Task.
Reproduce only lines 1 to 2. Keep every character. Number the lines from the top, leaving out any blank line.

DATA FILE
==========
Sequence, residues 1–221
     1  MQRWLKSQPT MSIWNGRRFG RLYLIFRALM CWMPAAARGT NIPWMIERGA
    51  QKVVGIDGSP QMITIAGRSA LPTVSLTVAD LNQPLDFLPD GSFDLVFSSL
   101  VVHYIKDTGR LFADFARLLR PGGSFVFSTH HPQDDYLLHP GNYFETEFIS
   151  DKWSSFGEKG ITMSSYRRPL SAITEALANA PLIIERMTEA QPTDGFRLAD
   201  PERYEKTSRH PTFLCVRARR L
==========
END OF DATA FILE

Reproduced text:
Sequence, residues 1–221
     1  MQRWLKSQPT MSIWNGRRFG RLYLIFRALM CWMPAAARGT NIPWMIERGA